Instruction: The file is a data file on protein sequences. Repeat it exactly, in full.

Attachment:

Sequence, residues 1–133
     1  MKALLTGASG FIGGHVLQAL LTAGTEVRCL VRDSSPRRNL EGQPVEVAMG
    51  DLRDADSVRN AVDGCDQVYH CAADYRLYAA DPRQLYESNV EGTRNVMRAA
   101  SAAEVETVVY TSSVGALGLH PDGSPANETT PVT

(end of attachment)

Sequence, residues 1–133
     1  MKALLTGASG FIGGHVLQAL LTAGTEVRCL VRDSSPRRNL EGQPVEVAMG
    51  DLRDADSVRN AVDGCDQVYH CAADYRLYAA DPRQLYESNV EGTRNVMRAA
   101  SAAEVETVVY TSSVGALGLH PDGSPANETT PVT